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Wendy Reuer, Published June 18 2012

48 hours to make movie magic

When no teams had signed up for the 48 Film Project here before early-bird registration in the beginning of June, organizer Joseph Moses was told he had one week to gather at least 12 teams, or the event wouldn’t happen.

“I was confident these teams would come from somewhere; there are so many talented people here,” Moses said.

He was right.

As of Friday, 13 teams had signed up to write, shoot and edit an entire movie in about the same time it takes to drive from New York to Hollywood.

“In 2010, the film festival never happened in Fargo because there weren’t enough teams,” Moses said. “(This year) everybody that was looking at the website and thinking about it finally started registering one by one.”

The challenge will begin Friday when Fargo Mayor Dennis Walaker kicks off the event, and teams are assigned characters, a prop and a line of dialogue that must be included in the movie.

Fargo’s fest is part of the larger international 48 Hour Film Project, which has cities across the globe hosting similar weekends throughout the year.

“It is the biggest filmmaking event in the whole world,” Moses said.

Here in Fargo, Joseph Kramer is hoping to do well with his team, Wilhelm Scream.

He has participated in at least eight 48 Hour Film Festivals before and won last year’s Fargo event with his team’s short film, “Gyroscope.”

“We are really proud of our project last year. We want to focus on a good story, good performances and just make it more grand,” said Kramer, a Fargo native.

The weekend is a lot of fun disguised as hard work, Kraemer said, but he likes the fast pace.

“(What) I like the best about it is the same reason why I like doing live events: Once it’s over, it’s over, there is no second guessing yourself,” he said. “You don’t really have time to edit or fine tune anything. You go for it, you get it out of you and it’s done and you can just let it go.”

For Preston Johnson, the weekend will be his first Fargo 48 Film Fest.

“Filmmaking has always been a small passion of mine,” he said.

Johnson, who will be on a team with fellow Sundog employees, many of whom have participated in the 48 Hour Festival before, is excited to take on the challenge of such a quick turnaround.

“No. 1: Our team has to have a great time. No. 2: We want to come together and make a really great film and if we end up with an award or two, that’s really just icing on the cake,” Johnson said. “It’s really awesome to have a great team and everyone knows what they are supposed to do. It’s a challenge for sure.”

Although it will be Johnson’s first time in a 48-hour festival, he and his team recently won a best picture award in another film competition.

“Going into something like this, you really have to be prepared as a team. No one person can make a really great film,” he said.

Johnson is also producing a documentary about hip hop in North Dakota, a project he’s been working on it for about year and a half.

Locally grown films

Moses first heard about the film fest in 2006, when he saw a small postcard advertising the project in a downtown coffee shop.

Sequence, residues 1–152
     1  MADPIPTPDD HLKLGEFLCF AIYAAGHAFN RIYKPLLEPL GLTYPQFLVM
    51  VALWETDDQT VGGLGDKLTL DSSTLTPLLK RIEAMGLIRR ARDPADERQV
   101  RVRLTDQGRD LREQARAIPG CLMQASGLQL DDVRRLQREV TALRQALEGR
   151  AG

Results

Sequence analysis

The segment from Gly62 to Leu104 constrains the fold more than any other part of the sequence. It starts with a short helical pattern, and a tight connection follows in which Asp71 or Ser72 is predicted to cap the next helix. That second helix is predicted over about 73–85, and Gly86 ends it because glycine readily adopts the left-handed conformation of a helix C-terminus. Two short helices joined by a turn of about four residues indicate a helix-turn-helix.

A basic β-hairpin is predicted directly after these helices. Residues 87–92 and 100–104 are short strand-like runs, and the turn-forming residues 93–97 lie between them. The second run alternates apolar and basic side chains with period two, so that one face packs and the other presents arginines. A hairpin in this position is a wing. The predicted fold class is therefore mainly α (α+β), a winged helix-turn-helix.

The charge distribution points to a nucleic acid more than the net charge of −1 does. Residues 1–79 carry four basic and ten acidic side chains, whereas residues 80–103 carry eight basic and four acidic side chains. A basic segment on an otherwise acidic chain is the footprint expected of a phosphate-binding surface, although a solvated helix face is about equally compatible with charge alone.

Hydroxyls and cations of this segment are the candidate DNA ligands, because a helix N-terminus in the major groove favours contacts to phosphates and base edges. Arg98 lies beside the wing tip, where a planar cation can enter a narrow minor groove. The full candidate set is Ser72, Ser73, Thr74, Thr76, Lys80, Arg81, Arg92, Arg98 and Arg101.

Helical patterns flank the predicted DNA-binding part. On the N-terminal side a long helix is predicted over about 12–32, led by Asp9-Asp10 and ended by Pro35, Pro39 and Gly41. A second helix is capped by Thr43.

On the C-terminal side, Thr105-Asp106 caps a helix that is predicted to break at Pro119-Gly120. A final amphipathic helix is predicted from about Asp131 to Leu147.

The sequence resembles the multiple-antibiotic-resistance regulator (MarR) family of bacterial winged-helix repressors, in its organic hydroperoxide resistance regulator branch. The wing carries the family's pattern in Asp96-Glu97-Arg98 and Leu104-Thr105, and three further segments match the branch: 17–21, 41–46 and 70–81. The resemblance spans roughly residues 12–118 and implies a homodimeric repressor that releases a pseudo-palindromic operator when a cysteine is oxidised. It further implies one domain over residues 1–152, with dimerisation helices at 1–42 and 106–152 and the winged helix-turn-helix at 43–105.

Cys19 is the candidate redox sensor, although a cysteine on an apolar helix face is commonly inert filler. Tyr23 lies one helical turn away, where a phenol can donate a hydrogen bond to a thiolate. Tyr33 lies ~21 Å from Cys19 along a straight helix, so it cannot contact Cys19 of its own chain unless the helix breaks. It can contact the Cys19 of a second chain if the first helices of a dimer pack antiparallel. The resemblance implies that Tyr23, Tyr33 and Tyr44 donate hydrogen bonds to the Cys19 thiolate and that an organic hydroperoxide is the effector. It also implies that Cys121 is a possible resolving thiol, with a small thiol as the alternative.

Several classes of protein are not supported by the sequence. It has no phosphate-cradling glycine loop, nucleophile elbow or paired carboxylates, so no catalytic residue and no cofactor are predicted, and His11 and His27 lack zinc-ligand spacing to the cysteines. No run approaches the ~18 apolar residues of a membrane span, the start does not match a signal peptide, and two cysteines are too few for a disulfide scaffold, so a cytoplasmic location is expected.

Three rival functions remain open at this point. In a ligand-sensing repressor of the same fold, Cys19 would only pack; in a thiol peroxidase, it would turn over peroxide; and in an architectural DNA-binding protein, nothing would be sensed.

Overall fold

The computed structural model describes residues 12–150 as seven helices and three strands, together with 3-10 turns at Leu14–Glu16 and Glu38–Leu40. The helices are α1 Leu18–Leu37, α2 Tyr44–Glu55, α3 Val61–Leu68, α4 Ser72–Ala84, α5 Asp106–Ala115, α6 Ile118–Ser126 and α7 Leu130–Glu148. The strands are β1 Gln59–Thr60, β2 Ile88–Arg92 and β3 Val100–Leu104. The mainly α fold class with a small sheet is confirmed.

It piqued his interest and he got involved, joining a team and making a short film in just 48 hours.

“I didn’t win any prizes but it was really fun,” Moses said. “To try and do something in one weekend was just crazy.”

Moses now uses what he learned as a 48 Hour Film Fest participant to help other teams.

In his original production, Moses was able to ask local musical artists to lend their music to his movie. He used a piece from the FM Symphony and even Lori Line, the famed pianist.

Now, he asks teams to also look to local musicians when possible for the soundtracks to their movies.

“People are more than happy to get their music out,” Moses said.

Moses said not only did teams step up to the plate this year, but local sponsors have as well.

“There has never been so many new sponsors for the teams,” he said. “I try to reach out to sponsors and give prizes to the filmmakers to inspire them. It is just amazing how sponsors are coming forward to support something that is related to arts in the community.”

This coming weekend may be a sleepless whirlwind of work, but once the movies are submitted Sunday evening, they will be judged by six local celebrity judges – including The Forum’s own John Lamb.

The winning movie will receive a cash prize and will be shown at Filmapolooza, the official 48 Hour Film Project Awards Weekend.

The movies also have a chance to appear at the Cannes Film Festival in Cannes, France.

“(International judges) will choose the 10 best films to be screened at the Cannes Film festival,” Moses said.

Although Friday is coming fast, there is still some time to sign up, and organizers say more is welcome.

“I learned so much about film making in 48-hour competitions because you learn how to use your resources,” Kramer said.

If you go

What: Fargo 48 Hour Film Project Kickoff

When: 6 p.m. Friday

Where: Sky Prairie, Hotel Donaldson, 101 Broadway N. Fargo


What: Fargo 48 Hour Film Project Premiere Screenings

When: 7 p.m. June 27

Where: Fargo Theatre, 314 Broadway N. Fargo

More online: For more information: www.48hourfilm.com/en/fargo


Readers can reach Forum reporter Wendy Reuer at (701) 241-5530